The most wide spread environmental impacts from former MGPs involve groundwater which becomes contaminated by contact with coal tar, tar contaminated soil or purifier waste. The contaminated groundwater can them move away from the site into other areas.
Typically, the most significant environmental impacts from MGP sites are related to organisms living on the bottom of nearby surface water bodies such as streams, rivers and lakes. Significant accumulations of tar-impacted sediments have been found near former MGPs. MGPs may have discharged mixtures of tar and water directly into these water bodies when they were operating. The tars settled into the sediments at the bottom of these bodies. In addition, some MGP sites may contain tar seeps, where tar emerges from subsurface soil into water bodies.
In addition to visible tar, lower levels of PAH contamination are often found in sediments near MGPs. Contaminated sediments may be carried by stream flow or tidal action to other areas. Wildlife which lives or feeds in the impacted sediments may be exposed to these MGP contaminants.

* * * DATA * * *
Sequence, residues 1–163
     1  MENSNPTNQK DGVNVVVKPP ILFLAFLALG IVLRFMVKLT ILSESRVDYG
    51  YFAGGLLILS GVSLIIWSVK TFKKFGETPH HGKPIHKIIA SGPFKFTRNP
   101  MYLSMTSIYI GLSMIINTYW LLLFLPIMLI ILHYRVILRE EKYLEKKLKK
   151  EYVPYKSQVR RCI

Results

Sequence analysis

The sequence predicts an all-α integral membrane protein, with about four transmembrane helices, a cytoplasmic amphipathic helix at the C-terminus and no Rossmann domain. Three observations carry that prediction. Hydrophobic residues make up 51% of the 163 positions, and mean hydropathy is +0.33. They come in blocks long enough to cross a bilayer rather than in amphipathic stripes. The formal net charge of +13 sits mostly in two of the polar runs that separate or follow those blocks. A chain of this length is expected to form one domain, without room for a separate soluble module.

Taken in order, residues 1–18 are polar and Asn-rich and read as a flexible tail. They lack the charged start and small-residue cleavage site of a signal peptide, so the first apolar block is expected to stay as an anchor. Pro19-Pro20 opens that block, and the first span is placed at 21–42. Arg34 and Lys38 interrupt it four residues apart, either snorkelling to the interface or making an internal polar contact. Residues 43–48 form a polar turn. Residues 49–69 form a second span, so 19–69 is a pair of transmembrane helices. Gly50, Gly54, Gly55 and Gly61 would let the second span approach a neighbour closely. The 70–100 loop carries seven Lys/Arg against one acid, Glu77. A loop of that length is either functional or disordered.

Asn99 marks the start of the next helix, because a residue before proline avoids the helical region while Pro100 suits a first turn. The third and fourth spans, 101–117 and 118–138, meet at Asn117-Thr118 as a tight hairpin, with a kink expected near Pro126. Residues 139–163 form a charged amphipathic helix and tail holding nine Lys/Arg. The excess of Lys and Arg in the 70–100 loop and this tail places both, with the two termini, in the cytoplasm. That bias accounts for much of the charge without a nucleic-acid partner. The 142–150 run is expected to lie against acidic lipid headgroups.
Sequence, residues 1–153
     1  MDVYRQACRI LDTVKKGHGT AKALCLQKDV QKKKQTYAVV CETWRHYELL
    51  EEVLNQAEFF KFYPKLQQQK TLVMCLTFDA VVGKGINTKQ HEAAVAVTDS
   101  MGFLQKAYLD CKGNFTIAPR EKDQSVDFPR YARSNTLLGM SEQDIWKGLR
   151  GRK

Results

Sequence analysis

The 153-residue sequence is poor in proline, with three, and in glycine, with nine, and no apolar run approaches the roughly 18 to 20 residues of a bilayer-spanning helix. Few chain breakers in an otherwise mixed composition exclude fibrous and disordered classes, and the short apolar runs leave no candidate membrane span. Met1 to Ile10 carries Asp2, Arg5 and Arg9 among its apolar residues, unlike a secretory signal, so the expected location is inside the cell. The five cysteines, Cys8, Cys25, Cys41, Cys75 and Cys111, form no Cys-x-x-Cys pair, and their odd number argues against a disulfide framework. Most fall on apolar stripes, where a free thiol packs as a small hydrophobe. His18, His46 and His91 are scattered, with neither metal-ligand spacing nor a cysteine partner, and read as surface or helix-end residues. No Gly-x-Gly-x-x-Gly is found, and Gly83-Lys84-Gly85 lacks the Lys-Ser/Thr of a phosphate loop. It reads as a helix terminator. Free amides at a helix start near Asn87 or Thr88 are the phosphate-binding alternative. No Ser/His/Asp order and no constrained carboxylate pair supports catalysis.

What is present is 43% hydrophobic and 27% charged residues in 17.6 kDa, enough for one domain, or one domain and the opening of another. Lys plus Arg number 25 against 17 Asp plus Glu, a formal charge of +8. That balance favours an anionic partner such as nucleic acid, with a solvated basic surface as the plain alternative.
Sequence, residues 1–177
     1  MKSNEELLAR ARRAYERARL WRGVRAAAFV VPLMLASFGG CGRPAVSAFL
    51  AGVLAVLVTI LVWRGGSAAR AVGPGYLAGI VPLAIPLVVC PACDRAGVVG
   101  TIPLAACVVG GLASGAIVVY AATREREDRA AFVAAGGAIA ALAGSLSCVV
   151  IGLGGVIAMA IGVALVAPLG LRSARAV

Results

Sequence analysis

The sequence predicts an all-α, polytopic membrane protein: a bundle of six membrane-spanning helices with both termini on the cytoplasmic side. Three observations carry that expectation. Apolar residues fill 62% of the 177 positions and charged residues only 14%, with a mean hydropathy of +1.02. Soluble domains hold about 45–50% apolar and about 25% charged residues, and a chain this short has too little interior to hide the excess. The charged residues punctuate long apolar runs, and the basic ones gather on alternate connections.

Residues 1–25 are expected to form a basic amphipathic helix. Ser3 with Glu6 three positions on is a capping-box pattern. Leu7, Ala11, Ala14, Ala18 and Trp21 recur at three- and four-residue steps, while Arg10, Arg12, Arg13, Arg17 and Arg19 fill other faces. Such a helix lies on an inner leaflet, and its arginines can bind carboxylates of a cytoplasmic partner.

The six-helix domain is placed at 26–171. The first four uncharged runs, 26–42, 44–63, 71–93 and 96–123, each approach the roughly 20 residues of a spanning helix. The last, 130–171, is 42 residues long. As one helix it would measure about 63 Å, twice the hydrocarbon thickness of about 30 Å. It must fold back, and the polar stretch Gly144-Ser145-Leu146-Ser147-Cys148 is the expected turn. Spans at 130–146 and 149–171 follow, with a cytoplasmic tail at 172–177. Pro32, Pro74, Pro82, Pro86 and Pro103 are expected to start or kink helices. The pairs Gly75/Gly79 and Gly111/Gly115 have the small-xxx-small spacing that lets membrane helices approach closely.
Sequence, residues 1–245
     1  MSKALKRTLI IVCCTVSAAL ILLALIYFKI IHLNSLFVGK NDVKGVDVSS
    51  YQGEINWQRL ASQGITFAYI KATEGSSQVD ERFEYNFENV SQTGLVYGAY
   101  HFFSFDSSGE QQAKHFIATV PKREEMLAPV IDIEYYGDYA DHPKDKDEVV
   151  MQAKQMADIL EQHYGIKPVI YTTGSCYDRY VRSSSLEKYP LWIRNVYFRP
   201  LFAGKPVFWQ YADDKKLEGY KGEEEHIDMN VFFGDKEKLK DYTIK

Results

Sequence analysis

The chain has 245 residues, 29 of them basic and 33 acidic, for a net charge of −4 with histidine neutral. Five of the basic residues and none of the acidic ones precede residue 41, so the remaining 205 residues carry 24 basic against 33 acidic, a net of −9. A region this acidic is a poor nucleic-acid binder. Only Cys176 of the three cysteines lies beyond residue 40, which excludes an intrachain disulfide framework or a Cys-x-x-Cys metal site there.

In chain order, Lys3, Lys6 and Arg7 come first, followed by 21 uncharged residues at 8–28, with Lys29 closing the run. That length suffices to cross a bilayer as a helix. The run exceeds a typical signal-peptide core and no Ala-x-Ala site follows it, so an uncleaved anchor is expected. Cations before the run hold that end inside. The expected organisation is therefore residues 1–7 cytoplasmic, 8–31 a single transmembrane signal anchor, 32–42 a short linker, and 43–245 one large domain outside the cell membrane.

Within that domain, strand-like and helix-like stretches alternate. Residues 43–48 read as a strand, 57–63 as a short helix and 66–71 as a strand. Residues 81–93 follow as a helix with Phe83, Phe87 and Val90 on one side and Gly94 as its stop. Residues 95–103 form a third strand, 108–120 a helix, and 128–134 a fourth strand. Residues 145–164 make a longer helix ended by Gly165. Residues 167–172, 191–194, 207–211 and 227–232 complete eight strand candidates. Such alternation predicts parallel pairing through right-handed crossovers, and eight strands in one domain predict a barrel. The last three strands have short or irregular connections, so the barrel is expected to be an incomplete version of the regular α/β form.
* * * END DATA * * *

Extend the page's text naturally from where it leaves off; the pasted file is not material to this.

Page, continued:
PAHs from MGP sites may harm fish and wildlife directly exposed to the contaminants. Based on similarities between coal tar and petroleum, large releases of coal tar directly into surface water may taint nearby fish, making them aesthetically unfit to eat. However, small releases are unlikely to lead to substantial contamination of fish because fish and wildlife generally metabolize PAHs, so that PAHs do not build up in edible tissues. PAHs are not passed along in the food chain, and do not accumulate in predatory fish and birds.
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